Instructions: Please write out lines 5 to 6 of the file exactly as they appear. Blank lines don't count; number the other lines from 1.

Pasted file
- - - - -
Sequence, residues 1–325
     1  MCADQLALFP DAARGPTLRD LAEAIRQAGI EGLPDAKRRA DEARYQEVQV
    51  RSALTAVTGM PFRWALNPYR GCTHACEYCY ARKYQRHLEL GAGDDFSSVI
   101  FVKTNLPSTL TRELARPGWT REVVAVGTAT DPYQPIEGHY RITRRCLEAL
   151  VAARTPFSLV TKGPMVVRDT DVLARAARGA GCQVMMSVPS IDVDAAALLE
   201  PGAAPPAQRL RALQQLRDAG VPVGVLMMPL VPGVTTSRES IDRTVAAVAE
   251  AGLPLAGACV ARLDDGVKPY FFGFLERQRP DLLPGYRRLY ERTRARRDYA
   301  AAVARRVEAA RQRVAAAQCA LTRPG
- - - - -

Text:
   151  VAARTPFSLV TKGPMVVRDT DVLARAARGA GCQVMMSVPS IDVDAAALLE
   201  PGAAPPAQRL RALQQLRDAG VPVGVLMMPL VPGVTTSRES IDRTVAAVAE